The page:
Rest in peace, Eric Garner. I never knew you, would never have met you, and do not know a thing about you. Yet I, and millions others, have watched the events leading to your death at too young of an age. Your death will become symbolic of a problem, but first and foremost, it was a death of a person that really did not deserve to die.

With the recent grand jury decision not to indict the police officer who ended up killing Garner, it is inevitable that Garner will become the new symbol of the movement to reform police policy in regards to excessive force and general overreach. However, the cases of Eric Garner and Michael Brown are markedly different, and people should stop conflating the two. Additionally, the argument over police force and power does not (and is not) a strictly conservative and liberal divide. Senator Rand Paul (R-KY) has been particularly vocal about problems he sees with policing in America. I think Garner’s case – and the issue of policing – deserve attention in conservative circles.

I will not pretend to know the facts of the case, because I did not sit with the grand jury to learn them. I do not know what was going through the police officers’ minds or Garner’s minds. But the situation as reported in many sources and seen on video was not one that should have ended in death. An argument with police officers and initial resist at arrest or handcuffing simply does not justify lethal force. Additionally, it was clear that strong force continued to be applied even after Garner was clearly subdued. It could be argued that Garner’s size (or any unique health factor) contributed to his death, and that may or not be true. But the coroner ruled his death a homicide.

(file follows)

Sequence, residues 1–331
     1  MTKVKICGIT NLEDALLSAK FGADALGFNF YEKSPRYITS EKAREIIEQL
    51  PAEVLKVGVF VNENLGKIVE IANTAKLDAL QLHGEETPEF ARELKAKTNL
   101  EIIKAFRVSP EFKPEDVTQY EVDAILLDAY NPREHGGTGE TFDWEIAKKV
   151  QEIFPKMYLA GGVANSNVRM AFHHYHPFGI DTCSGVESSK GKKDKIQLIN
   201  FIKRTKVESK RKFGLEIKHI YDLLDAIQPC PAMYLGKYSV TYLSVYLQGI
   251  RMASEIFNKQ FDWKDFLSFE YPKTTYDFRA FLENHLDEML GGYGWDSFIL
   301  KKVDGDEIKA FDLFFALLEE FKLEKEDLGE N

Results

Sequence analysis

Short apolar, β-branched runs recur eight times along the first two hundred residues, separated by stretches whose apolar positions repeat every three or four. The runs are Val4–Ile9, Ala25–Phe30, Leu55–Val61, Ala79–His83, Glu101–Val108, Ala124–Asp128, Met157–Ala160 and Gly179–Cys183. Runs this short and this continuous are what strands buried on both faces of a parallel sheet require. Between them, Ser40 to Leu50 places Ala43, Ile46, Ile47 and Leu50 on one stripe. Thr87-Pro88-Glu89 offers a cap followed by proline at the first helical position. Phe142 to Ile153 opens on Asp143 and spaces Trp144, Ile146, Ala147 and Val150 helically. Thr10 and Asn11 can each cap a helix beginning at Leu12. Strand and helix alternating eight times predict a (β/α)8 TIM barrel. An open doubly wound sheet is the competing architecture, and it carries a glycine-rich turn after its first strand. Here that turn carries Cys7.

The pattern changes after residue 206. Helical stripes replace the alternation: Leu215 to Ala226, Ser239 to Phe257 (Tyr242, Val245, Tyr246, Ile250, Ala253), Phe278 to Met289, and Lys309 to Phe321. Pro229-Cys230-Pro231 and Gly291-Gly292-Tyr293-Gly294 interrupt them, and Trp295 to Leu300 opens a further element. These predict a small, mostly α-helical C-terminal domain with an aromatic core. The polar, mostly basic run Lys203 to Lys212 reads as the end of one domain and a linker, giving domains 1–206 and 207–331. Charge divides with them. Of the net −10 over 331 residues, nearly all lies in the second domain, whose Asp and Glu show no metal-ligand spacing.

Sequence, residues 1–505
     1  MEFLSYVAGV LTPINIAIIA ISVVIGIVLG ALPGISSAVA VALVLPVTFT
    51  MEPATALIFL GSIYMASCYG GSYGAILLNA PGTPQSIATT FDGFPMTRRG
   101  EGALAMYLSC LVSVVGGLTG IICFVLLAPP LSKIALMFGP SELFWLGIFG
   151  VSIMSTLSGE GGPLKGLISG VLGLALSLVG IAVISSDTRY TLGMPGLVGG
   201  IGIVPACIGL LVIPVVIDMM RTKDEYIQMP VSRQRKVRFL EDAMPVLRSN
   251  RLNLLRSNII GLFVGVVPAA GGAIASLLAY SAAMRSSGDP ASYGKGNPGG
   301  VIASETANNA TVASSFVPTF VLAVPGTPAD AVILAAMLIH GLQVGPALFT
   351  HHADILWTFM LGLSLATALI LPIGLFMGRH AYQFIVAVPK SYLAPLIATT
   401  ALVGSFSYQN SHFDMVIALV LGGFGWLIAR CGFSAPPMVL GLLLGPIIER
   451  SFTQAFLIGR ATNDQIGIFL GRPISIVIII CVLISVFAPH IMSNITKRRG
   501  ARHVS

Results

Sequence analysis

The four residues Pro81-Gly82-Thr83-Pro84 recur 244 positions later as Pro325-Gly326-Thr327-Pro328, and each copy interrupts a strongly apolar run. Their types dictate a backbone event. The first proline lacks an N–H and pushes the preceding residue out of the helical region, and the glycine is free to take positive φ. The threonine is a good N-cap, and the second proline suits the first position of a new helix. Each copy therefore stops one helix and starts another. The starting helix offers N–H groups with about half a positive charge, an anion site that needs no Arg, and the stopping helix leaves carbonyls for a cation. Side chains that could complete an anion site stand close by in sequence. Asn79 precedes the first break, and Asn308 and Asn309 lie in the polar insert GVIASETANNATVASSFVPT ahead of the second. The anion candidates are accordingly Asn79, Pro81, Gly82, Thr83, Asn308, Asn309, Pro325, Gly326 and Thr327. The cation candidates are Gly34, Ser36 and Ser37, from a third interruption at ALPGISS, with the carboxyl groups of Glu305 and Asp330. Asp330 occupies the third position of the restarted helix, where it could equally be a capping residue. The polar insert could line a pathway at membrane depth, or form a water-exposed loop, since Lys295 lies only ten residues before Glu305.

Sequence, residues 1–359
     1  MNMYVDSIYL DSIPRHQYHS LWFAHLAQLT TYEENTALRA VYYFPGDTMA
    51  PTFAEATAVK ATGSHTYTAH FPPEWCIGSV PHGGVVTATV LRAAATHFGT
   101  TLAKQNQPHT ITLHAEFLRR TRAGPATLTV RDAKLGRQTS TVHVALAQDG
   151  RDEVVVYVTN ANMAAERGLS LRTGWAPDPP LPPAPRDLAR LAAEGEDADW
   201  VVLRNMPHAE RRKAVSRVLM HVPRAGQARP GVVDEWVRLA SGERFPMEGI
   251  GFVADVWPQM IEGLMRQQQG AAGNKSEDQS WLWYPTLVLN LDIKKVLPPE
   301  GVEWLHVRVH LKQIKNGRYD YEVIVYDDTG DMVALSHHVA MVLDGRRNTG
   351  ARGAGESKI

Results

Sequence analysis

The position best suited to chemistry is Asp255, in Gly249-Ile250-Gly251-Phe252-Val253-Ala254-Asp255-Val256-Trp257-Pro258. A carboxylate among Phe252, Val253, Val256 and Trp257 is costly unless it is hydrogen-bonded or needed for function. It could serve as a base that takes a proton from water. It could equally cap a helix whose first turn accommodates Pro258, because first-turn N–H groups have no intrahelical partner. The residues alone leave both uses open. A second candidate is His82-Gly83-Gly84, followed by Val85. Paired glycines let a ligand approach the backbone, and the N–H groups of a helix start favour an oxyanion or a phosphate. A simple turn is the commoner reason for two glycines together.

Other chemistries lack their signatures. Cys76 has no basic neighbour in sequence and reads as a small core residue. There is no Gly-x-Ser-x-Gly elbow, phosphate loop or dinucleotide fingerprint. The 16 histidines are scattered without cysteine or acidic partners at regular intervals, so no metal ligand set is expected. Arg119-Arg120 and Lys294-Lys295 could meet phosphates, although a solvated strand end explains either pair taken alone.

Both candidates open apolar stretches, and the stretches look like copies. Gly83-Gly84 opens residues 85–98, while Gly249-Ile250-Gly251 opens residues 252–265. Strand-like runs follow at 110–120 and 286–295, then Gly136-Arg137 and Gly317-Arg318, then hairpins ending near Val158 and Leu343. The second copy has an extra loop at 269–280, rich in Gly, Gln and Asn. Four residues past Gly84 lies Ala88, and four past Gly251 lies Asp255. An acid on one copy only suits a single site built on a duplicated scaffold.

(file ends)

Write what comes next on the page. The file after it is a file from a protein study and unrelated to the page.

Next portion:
Police officers have to be able to defend themselves and those around them. If a person uses severe or lethal force, the officer has a right to defend him or herself. Certainly, police have to take precautions with pat-downs, watching a suspect’s hands, and other measures. But police forces have to be wary of responding with over-the-top force. In a seven year period, almost 3,000 people have died by homicide during arrests. Undoubtedly, police were defending themselves properly in many of these. But 3,000 is an awful high number.

Many people have tried to make the deaths of Garner, Brown, and others about race. But I don’t think the officers went to work that day thinking they wanted to kill black men – or anyone at all. Instead, the policies – or attitudes – in place at many departments, may not make enough concern for the lives of the suspects, who deserve due process – unless they are about to cause imminent harm.

Of course, police officers often have reason to fear for their lives. Over that same seven year period (2003-2009), 1,097 officers were killed in the line of duty. They need to get home to their families too. That means citizens need to act responsibly. Obviously we should not be committing crimes, but if we are stopped for one, do not give the officer reasons to use force. Preserve our constitutional rights, but let us act reasonably and unaggressively. As an example, my parents instructed me, that if pulled over while driving, to be polite and keep my hands in plain sight. A little cooperation and respect for both “sides” will go a long way.

The point of this column is not make recommendations or to point fingers – it is to raise awareness. Quite frankly, I have no idea what reforms would work best and I sure do not have the credentials to start proposing good ideas. Instead, I want to encourage all of us conservatives – and Americans – to give this issue serious consideration. We should always ensure that government is acting within its lawful bounds on every issue, and police force is no different. Together, we can ensure that law enforcement can act justly and defend themselves properly.